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Obturator internus

Other Terms: Internal obturator, Musculus obturator internus, Musculus obturatorius internus, Muscle obturateur interne

Muscle parts

None

Latin name

Musculus obturatorius internus

Latin muscle parts

None

Group

Hip joint muscle – deep hip rotator group or Pelvis/perineal wall – lateral musculature – middle layer

Etymology

The English name of this muscle is the within (middle) muscle that occludes, or stops up. This reference to occluding comes from the fact that it covers the large foramen of the same name in the os coxae. The word obturator comes from the Latin verb obturare meaning “to occlude or stop up.” The Latin term internus means “within.”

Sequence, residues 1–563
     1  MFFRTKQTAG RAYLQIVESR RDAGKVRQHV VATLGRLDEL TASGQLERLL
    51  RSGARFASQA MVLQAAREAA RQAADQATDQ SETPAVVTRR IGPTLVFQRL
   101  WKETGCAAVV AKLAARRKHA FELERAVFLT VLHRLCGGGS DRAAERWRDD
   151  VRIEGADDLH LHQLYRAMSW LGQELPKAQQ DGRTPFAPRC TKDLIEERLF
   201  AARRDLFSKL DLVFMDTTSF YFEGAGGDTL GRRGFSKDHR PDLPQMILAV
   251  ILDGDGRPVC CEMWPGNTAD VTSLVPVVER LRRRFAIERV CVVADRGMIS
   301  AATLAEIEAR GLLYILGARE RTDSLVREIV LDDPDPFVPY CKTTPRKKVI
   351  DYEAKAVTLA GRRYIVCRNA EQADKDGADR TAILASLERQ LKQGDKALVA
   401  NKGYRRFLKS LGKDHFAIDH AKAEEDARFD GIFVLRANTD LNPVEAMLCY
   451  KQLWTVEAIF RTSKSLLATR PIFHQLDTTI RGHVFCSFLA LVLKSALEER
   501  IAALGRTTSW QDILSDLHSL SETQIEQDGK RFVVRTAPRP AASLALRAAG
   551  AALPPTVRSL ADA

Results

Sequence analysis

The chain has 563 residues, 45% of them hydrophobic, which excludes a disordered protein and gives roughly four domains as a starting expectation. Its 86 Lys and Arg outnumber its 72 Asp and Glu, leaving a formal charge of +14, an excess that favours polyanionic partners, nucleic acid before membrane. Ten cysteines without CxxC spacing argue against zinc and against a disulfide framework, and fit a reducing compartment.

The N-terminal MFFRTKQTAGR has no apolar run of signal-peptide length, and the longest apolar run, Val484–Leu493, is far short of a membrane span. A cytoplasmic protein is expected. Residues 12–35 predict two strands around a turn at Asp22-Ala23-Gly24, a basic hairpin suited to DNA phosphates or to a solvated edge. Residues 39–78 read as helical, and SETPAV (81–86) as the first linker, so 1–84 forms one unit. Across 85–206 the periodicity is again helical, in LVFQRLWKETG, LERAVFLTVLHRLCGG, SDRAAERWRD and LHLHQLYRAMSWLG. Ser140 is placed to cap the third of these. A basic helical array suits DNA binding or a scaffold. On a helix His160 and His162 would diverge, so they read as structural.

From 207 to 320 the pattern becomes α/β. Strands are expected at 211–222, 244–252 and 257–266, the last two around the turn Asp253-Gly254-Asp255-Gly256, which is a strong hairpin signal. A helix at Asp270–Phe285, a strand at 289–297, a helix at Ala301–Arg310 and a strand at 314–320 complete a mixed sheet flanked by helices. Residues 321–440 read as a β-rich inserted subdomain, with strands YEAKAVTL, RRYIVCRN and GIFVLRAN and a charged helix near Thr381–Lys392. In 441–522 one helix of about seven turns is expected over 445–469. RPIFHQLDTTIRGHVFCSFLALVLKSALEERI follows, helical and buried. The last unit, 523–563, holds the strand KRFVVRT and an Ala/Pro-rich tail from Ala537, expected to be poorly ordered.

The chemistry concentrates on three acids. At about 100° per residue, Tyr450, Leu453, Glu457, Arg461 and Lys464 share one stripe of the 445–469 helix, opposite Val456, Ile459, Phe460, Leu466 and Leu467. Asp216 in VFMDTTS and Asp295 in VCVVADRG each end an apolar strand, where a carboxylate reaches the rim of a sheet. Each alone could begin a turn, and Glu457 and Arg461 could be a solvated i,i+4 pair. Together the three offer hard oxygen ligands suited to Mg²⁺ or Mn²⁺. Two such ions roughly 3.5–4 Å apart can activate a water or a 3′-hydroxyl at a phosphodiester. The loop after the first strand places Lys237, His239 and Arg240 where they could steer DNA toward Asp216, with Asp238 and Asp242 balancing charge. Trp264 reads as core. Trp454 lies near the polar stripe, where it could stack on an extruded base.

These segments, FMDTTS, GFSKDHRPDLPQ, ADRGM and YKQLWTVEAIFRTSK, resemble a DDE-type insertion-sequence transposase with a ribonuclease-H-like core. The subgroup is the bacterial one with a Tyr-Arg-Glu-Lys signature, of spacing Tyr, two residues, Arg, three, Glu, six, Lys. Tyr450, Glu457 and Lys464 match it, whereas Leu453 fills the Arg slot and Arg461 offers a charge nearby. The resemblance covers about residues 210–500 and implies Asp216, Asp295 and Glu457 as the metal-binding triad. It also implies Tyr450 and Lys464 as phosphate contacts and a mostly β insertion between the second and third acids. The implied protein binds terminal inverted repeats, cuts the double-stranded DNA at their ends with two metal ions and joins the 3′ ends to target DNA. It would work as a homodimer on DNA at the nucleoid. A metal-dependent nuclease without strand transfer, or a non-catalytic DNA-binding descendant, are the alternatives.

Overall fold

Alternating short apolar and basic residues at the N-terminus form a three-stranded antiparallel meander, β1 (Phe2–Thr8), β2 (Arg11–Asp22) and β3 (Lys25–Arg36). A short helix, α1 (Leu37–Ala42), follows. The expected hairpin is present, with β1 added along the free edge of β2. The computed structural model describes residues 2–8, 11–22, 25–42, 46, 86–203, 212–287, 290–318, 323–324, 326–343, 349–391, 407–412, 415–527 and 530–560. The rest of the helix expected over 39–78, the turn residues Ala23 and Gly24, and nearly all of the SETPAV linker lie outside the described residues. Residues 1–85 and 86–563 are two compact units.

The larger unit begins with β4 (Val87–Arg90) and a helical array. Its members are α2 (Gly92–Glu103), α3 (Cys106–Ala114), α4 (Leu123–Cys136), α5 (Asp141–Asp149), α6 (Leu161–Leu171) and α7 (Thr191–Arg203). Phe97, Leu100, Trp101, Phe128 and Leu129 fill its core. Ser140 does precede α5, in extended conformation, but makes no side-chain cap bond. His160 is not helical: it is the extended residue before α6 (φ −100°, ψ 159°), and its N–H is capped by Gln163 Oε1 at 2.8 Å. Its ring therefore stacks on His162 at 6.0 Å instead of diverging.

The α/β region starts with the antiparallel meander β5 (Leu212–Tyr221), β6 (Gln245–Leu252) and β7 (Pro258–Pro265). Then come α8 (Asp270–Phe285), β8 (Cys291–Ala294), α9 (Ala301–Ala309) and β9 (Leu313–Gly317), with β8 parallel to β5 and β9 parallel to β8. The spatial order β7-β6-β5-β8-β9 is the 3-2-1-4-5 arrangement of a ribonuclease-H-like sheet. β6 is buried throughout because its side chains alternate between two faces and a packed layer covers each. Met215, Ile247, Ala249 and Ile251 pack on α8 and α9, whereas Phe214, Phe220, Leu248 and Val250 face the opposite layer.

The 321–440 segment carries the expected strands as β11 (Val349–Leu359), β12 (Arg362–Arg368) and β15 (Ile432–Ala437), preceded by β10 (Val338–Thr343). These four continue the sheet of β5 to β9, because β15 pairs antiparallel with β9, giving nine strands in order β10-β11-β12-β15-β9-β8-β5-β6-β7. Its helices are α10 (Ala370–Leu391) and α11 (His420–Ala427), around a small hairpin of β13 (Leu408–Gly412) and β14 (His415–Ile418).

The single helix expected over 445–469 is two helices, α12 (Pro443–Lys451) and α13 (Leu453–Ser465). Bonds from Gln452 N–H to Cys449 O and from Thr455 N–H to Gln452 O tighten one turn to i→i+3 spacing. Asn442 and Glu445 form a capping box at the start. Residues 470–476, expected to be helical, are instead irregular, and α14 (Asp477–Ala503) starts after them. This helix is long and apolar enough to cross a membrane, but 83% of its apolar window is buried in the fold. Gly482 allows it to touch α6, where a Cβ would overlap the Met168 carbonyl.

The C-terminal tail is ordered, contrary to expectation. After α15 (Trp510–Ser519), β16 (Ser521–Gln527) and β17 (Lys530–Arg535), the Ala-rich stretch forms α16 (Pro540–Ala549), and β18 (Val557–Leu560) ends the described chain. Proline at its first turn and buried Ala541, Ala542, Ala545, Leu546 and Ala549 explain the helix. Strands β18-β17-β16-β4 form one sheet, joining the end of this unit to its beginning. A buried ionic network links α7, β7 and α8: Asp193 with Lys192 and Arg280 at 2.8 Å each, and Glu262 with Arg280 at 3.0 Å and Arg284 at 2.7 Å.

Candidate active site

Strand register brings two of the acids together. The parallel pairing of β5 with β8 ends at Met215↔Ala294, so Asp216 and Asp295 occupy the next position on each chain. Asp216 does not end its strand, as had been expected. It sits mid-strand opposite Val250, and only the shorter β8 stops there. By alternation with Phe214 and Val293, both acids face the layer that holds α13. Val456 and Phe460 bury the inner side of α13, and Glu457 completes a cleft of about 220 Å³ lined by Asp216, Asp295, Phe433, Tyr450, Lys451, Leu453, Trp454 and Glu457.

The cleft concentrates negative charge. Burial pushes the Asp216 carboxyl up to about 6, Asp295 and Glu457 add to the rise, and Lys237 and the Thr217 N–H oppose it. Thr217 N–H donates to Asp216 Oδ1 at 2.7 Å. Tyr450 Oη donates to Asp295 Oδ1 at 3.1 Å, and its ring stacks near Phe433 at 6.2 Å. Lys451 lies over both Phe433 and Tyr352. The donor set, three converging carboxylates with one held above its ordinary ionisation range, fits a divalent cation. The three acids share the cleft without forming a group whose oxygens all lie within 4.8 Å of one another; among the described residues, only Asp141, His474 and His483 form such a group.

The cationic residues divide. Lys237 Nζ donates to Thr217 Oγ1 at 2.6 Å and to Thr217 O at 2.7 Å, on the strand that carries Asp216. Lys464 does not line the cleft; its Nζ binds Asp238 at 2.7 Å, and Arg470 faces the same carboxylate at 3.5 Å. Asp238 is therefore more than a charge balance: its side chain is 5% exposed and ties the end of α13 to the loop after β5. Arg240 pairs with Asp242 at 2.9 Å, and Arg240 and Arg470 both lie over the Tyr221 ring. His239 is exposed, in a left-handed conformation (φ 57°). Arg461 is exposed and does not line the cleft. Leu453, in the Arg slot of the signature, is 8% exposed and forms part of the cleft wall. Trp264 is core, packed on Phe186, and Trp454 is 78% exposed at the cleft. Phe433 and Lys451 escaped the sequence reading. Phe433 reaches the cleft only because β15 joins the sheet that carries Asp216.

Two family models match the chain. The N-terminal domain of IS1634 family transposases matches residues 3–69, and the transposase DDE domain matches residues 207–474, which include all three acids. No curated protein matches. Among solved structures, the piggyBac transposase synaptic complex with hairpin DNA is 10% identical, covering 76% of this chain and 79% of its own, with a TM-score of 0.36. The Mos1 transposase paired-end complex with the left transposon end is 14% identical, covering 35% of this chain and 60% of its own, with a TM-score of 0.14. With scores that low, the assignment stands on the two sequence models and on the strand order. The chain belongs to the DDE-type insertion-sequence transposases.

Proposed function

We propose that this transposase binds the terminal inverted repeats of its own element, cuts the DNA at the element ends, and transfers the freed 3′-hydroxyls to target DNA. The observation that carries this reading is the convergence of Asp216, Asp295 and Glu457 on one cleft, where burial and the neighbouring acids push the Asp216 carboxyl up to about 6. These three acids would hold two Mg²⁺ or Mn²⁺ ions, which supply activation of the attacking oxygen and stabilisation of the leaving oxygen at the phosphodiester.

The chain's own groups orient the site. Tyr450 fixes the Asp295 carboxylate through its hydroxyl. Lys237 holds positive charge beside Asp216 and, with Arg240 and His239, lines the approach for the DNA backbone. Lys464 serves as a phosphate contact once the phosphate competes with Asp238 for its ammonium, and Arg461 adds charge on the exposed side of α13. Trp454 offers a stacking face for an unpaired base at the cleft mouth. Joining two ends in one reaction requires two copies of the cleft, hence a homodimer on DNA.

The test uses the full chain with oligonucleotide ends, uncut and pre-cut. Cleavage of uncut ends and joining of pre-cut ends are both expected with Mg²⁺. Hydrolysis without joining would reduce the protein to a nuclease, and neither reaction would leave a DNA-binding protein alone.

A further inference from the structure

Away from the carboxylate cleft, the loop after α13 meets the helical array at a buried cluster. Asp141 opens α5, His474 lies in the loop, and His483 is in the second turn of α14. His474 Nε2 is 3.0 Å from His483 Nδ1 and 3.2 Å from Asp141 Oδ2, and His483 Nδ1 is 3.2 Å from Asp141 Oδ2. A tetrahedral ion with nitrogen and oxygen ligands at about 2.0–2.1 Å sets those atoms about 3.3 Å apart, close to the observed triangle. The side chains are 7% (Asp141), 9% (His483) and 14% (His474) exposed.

Origin

Internal surface of the obturator membrane and the surrounding bone from the pelvic brim to the base of the pubo-ischial ramus and the pubic body to the edge of the greater sciatic notch.

Insertion

Anteriorly on the medial surface of greater trochanter of femur above the trochanteric fossa.

Action

Lateral rotation of the hip joint; helps abduct a flexed thigh.

Nerve supply

Nerve to obturator internus (L5 and S1)

Blood supply

Blood supply is from the internal iliac artery via the obturator artery, the superior and inferior gluteal arteries, and the internal pudendal artery.

Latin

Musculus obturatorius internus

French

Muscle obturateur interne

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